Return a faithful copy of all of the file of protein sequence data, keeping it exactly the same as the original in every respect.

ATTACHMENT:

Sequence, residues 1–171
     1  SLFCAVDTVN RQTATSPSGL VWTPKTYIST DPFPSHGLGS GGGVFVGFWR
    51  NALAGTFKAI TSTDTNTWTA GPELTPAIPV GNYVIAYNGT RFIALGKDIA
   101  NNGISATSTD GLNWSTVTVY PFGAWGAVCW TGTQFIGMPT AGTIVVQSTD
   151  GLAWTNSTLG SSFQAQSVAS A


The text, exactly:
Sequence, residues 1–171
     1  SLFCAVDTVN RQTATSPSGL VWTPKTYIST DPFPSHGLGS GGGVFVGFWR
    51  NALAGTFKAI TSTDTNTWTA GPELTPAIPV GNYVIAYNGT RFIALGKDIA
   101  NNGISATSTD GLNWSTVTVY PFGAWGAVCW TGTQFIGMPT AGTIVVQSTD
   151  GLAWTNSTLG SSFQAQSVAS A